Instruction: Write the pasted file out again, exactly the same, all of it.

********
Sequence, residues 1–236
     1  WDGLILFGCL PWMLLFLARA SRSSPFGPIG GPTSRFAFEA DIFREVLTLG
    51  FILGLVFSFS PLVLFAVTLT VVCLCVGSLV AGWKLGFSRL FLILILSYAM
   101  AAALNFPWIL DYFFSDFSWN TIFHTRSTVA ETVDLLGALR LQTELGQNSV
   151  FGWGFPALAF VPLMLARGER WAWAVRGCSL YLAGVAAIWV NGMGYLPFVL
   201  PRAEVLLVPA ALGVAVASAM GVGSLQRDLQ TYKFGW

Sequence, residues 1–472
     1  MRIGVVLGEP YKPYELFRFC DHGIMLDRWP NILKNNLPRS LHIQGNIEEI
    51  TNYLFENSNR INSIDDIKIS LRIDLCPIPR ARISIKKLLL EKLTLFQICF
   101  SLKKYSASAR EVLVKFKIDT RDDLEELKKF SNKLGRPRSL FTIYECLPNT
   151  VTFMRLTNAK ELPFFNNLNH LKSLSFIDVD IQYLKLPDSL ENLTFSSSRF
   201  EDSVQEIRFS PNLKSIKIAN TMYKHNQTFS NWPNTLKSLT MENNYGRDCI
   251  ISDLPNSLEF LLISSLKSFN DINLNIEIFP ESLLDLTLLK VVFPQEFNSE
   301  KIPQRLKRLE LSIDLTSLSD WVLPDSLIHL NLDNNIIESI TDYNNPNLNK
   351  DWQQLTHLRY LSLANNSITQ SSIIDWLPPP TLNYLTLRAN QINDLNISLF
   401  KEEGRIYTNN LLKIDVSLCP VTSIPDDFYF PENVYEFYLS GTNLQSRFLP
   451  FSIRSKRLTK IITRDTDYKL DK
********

Sequence, residues 1–236
     1  WDGLILFGCL PWMLLFLARA SRSSPFGPIG GPTSRFAFEA DIFREVLTLG
    51  FILGLVFSFS PLVLFAVTLT VVCLCVGSLV AGWKLGFSRL FLILILSYAM
   101  AAALNFPWIL DYFFSDFSWN TIFHTRSTVA ETVDLLGALR LQTELGQNSV
   151  FGWGFPALAF VPLMLARGER WAWAVRGCSL YLAGVAAIWV NGMGYLPFVL
   201  PRAEVLLVPA ALGVAVASAM GVGSLQRDLQ TYKFGW

Sequence, residues 1–472
     1  MRIGVVLGEP YKPYELFRFC DHGIMLDRWP NILKNNLPRS LHIQGNIEEI
    51  TNYLFENSNR INSIDDIKIS LRIDLCPIPR ARISIKKLLL EKLTLFQICF
   101  SLKKYSASAR EVLVKFKIDT RDDLEELKKF SNKLGRPRSL FTIYECLPNT
   151  VTFMRLTNAK ELPFFNNLNH LKSLSFIDVD IQYLKLPDSL ENLTFSSSRF
   201  EDSVQEIRFS PNLKSIKIAN TMYKHNQTFS NWPNTLKSLT MENNYGRDCI
   251  ISDLPNSLEF LLISSLKSFN DINLNIEIFP ESLLDLTLLK VVFPQEFNSE
   301  KIPQRLKRLE LSIDLTSLSD WVLPDSLIHL NLDNNIIESI TDYNNPNLNK
   351  DWQQLTHLRY LSLANNSITQ SSIIDWLPPP TLNYLTLRAN QINDLNISLF
   401  KEEGRIYTNN LLKIDVSLCP VTSIPDDFYF PENVYEFYLS GTNLQSRFLP
   451  FSIRSKRLTK IITRDTDYKL DK